IC 4634 – a double-shelled planetary nebula which can be found 2° east and 0.5°north of NGC 6235.  A 250mm scope and powers over 200x will show a nebula with a north-south elongation.  To see the central star will require a large telescope.

Miscellaneous

All month – Start looking out for noctilucent clouds.  These clouds shine with an electric-blue tint and can be seen low above the northwest horizon 90-120 minutes after sunset, or in the northeast horizon 90-120 minutes before sunrise.  They only appear 4-6 weeks either side of the solstice.

17 June – Earliest sunrise of the year.

20 June – 21:51 BST – Northern Hemisphere’s summer solstice when the Sun reaches its most northerly point.

Moon Image Credit: Steve Broadbent
Jupiter Image Credit: NASA
M13 Image Credit: Steve Broadbent
Noctilucent Clouds Image Credit: David Briggs

What's on between next month and 6 months...

Friday,
13th September
2024
The Astronomy of Stonehenge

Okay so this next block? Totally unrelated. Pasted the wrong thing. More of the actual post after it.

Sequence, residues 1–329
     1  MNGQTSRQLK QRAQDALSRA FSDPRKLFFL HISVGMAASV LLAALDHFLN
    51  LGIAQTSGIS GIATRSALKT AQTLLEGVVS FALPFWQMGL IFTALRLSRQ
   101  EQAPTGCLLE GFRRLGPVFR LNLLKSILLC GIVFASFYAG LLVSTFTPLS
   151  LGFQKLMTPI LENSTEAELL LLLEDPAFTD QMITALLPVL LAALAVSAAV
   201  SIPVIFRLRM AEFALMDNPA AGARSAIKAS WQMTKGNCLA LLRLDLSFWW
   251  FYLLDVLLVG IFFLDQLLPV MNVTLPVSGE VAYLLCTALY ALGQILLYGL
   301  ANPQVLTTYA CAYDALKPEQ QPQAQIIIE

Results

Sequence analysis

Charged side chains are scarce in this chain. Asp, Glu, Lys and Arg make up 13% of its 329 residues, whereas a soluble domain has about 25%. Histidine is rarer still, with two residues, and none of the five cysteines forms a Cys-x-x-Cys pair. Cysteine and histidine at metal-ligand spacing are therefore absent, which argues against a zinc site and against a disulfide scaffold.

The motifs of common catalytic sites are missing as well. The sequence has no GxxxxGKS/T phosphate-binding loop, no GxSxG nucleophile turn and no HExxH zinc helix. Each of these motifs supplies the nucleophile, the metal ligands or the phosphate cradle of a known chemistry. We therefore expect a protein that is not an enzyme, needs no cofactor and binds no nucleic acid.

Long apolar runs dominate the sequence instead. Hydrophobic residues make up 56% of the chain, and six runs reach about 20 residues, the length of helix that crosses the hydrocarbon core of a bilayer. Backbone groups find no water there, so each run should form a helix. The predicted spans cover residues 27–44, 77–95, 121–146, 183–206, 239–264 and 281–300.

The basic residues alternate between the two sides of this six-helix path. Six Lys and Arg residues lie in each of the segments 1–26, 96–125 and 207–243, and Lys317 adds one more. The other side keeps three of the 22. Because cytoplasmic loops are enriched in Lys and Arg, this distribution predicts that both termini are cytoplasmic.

A talk by Simon Banton
Clanfield Memorial Hall - start time 8:00pm

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Saturday,
14th September
2024
Public Open Evening Sold Out!
Moon & Saturn
- start time 7:30pm

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Sunday,
15th September
2024
Public Open Evening Sold Out!
Moon & Saturn
- start time 7:30pm

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Saturday,
12th October
2024
Public Open Evening Sold Out!
Moon, Saturn & Jupiter
- start time 7:15pm

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Sunday,
13th October
2024
Public Open Evening Sold Out!
Moon, Saturn & Jupiter
- start time 7:15pm

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Saturday,
9th November
2024
Public Open Evening Sold Out!
Saturn, Jupiter & Moon
- start time 7:15pm

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Sunday,
10th November
2024
Public Open Evening Sold Out!
Saturn, Jupiter & Moon
- start time 7:15pm

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Saturday,
7th December
2024
Public Open Evening Sold Out!
Moon, Saturn & Jupiter
- start time 7:15pm

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Sunday,
8th December
2024
Public Open Evening Sold Out!
Moon, Saturn & Jupiter
- start time 7:15pm

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What's on after the next 6 months...

Friday,
14th March
2025
When a Pro Photographer does Astrophotography
A talk by Paul Colley CB OBE FRPS
Clanfield Memorial Hall - start time 8:00pm